Corey Rosen Schwartz
Oh my cuteness! Check out this author’s site HERE. Corey Schwartz has definitely capitalized on student interest with her books, Three Ninja Pigs, Ninja Red Riding Hood, and Hensel and Gretel Ninja Chicks. Other books in her collection include Hop Plop!, Two Tough Trucks, Goldi Rocks and the Three Bears, and Twinderella. No matter which you choose, your students will love them. They all include rhyming too, so be sure to check them out.
The last author I want to highlight with fresh and fun rhyming books is Paul Czajak. His “Monster” books are perfect for primary, and they include the rhythm and rhyme we’re looking for. There are five books in the series, and they include Monster Needs Your Vote, Monster Needs a Party, Monster Needs a Christmas Tree, Monster Needs His Sleep, and Monster Needs a Costume. Monster goes on lots of adventures, and we learn about his journey with rhyming phrases.
Rhyming Resources You’d Love:
Teaching students to rhyme is one of the foundational skills emergent readers need as they progress to the beginning reader stage. Rhyming isn’t always easy for young friends, and sometimes we need a variety of resources to help students along.
In my TPT shop, I have several resources that might make planning intervention and small group lessons easier. The first is my Rhyme Time Intervention Kit which includes ten hands on activities that can be used in stations, with parent volunteers, and in your guided reading lessons.
Another resource bundle I just LOVE are my rhyming paper bag books. I focus on short vowel word families to emphasize the sound as well as the spelling. There are differentiated options with each book in the set.
Related Blog Posts for the K/1 Teacher:
Whether you choose to use Dr. Seuss’s Books is completely up to you, but I hope these alternative options will be helpful in inspiring your young readers. Reading needs to bring joy to our children, and with carefully selected books, we can accomplish just that. We know one size does not fit all, and that goes for books too!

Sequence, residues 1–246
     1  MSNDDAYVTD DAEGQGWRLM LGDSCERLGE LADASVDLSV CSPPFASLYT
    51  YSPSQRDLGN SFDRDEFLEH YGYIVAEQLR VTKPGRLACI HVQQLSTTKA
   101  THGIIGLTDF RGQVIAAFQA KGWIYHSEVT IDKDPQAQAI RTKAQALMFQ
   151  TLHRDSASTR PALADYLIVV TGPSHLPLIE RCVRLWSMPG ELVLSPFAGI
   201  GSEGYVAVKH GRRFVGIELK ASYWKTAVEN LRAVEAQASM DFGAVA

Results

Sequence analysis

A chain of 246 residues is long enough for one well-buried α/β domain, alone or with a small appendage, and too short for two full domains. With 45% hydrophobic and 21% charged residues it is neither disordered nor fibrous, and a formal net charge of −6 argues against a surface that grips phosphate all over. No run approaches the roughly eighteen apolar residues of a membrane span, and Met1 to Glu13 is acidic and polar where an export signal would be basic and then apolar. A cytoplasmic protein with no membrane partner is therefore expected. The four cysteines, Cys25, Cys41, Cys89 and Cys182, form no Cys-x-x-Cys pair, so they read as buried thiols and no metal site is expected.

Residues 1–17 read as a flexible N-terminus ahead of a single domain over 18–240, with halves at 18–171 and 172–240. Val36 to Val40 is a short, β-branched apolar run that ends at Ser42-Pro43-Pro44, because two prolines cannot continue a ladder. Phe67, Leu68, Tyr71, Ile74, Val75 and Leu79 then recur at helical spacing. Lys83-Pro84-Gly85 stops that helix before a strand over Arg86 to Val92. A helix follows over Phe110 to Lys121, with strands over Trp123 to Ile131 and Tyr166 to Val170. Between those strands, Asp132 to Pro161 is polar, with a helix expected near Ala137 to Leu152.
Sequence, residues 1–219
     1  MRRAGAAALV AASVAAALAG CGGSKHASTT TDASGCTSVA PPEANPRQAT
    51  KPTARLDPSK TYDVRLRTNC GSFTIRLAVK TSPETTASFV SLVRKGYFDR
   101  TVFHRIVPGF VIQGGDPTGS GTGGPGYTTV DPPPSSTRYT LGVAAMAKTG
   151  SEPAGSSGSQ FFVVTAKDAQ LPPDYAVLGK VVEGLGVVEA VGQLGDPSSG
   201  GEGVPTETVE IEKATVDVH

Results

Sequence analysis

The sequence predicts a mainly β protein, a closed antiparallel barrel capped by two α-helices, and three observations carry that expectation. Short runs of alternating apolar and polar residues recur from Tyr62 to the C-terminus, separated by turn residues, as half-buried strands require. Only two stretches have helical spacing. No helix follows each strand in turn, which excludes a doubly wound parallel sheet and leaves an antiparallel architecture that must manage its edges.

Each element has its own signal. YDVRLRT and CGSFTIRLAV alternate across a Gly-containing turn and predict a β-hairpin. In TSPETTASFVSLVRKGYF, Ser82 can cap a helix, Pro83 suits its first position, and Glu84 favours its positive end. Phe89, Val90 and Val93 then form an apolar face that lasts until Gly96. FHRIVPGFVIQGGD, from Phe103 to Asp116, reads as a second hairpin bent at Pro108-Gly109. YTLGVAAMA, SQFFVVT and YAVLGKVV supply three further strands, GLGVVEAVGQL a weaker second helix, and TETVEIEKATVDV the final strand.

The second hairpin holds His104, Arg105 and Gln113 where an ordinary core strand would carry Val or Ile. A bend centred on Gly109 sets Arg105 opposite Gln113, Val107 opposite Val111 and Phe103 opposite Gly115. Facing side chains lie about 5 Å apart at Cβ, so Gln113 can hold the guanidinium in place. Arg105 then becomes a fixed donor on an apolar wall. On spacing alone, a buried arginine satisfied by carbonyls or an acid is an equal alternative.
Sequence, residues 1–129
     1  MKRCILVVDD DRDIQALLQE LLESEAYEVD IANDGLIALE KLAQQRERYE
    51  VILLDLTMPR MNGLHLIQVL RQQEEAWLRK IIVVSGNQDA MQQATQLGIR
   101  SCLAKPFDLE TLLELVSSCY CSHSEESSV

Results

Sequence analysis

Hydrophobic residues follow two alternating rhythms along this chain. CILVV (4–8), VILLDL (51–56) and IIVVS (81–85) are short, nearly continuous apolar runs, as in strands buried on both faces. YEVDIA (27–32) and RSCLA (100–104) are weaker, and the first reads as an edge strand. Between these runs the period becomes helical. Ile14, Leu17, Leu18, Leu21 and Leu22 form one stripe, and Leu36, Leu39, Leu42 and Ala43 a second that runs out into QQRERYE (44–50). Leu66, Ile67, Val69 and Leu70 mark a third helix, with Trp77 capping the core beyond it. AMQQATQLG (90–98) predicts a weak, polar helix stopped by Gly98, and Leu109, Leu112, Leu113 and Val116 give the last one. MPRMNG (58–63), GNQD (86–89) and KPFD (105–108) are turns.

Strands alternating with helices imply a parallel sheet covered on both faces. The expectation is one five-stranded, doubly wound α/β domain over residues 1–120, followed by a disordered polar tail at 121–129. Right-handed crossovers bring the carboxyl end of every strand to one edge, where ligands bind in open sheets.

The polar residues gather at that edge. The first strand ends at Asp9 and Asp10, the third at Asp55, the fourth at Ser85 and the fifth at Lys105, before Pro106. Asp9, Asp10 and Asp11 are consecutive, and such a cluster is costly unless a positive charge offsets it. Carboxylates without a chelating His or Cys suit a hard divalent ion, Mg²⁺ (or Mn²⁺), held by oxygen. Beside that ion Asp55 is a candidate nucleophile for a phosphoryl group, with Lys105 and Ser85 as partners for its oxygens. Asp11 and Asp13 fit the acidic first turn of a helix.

This Post Has 5 Comments
I love Dr. Seuss. I don't think you have to dig up a history on a person to enjoy their work. Their is plenty of dirt on some of our most famous people: President Kennedy, Martin Luther King, Abraham Lincoln. That doesn't mean we can't celebrate the good they've done in their lives. I also don't think we need to publicize it when we find the dirt. What purpose did you serve by telling everyone what you found out about Seuss. I didn't know those things and could have gone the rest of my life without knowing. What was your purpose? Kind of sad.
I guess I look to School Library Journal and the NEA who sponsor Read Across America as places for guidance in the literacy department. Both are encouraging a move to diversity in literature which I 100% agree is needed. I specifically said that I'm not advocating banning them or doing away with Seuss's books, but from the articles I've read recently, I would use them sparingly and add in these other great options too. Until reading these articles, I really loved them too. However, I can't love them anymore knowing about how his work hurt(or may hurt) people of color.
And if you love his work, use his work. Everyone has to make decisions for themselves and for their students. Young children enjoy the bright colors and rhyme. I am not telling anyone what to do. Each teacher must decide for themselves whether to honor his work and whether to use his books. I simply wanted to share other rhyming options.
Just started homeschooling my 6yo and this is exactly the lost of Seuss alternatives I needed. Thank you!